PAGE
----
In-home care and small-scale care becoming more prominent
- In-home care becoming increasingly important
- Hospitals resorting to mergers
- More cooperation between care providers
More competition on the care market
‘In-home care where possible, care homes where necessary’: this concept forms the basis for the reforms in the long-term care sector. The same government budget can offer 20 to 30 percent more people care if they continue to live independently rather than moving into a care home. In-home care occupies an increasingly prominent position as a result, ABN AMRO concludes in its Vision on Healthcare, published today. To provide the healthcare needs outside care homes, legislation has been developed that makes provision for in-home care. For example, the new regime offers additional possibilities for higher levels of in-home care. At the same time, competition between care homes and private care providers is becoming fiercer. ABN AMRO believes that care homes are facing the challenge of offering a recognisable range of intramural healthcare services and providing competitive services for the external market.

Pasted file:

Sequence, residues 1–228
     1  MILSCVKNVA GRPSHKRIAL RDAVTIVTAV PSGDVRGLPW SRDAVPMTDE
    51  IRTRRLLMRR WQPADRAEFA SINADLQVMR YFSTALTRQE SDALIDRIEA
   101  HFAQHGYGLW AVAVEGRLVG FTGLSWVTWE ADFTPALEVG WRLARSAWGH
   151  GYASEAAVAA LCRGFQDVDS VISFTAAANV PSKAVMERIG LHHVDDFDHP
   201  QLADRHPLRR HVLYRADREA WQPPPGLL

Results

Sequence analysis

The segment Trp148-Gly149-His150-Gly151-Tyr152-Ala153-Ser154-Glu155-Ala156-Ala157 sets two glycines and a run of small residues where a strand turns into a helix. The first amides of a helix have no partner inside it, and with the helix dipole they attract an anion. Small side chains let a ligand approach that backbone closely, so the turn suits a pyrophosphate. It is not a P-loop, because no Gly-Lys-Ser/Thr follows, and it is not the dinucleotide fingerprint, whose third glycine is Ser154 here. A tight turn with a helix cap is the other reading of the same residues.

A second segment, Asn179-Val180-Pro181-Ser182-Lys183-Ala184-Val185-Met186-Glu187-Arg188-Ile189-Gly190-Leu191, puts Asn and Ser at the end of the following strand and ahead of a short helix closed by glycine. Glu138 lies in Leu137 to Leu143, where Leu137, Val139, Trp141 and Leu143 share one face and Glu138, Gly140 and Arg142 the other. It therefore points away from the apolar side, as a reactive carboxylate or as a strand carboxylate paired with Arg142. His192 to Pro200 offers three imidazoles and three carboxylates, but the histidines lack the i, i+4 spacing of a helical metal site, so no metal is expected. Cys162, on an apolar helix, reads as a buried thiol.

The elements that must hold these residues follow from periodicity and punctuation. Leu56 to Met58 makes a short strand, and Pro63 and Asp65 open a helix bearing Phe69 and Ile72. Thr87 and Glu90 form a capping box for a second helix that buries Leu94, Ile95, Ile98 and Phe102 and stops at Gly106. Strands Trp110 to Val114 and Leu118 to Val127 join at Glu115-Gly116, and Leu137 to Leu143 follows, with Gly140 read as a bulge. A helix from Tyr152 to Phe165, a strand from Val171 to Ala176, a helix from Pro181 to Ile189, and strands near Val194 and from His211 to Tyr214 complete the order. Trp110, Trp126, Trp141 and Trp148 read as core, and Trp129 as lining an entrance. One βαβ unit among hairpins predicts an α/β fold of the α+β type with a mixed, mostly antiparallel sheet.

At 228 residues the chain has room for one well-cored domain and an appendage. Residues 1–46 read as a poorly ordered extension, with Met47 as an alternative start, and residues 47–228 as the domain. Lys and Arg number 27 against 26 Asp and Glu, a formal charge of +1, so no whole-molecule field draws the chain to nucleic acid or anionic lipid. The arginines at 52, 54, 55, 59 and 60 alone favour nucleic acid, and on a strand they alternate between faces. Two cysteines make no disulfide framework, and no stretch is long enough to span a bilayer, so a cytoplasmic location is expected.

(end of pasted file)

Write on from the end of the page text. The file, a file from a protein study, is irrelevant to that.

Wave of mergers resulting in larger hospitals
Hospitals are consolidating their care, necessitated to do so by contraction, volume requirements and the need for a stronger position in negotiations with healthcare insurers. Controlling healthcare costs will also be an important priority during the coming years. The government has now made hospitals accountable for their results and asked healthcare insurers to monitor that the costs remain reasonable. At the same time it is important to safeguard quality. Many hospitals have recently resorted to mergers, seeking to continue to provide a high standard of care. ABN AMRO does not expect this pattern to be tenable in the long term, if only because previous mergers have left few suitable parties. It also stresses that smaller operators can also serve a useful function on the market.
Cooperation in the healthcare sector improving
The concentration of the changing healthcare needs both in hospital care and in long-term care makes it more important for care providers to work together, says Anja van Balen, Sector Banker Healthcare at ABN AMRO. ‘Partnerships in the healthcare sector are still slow to emerge, as the relevant laws are still very new and healthcare procurers have yet to adjust. Nevertheless, we expect initiatives to be picked up again later in the year. Individuals and healthcare institutions are gradually becoming familiar with the new status quo in long-term care. As municipalities also become acquainted with their new responsibilities, cooperation between municipalities and healthcare institutions will improve as well.’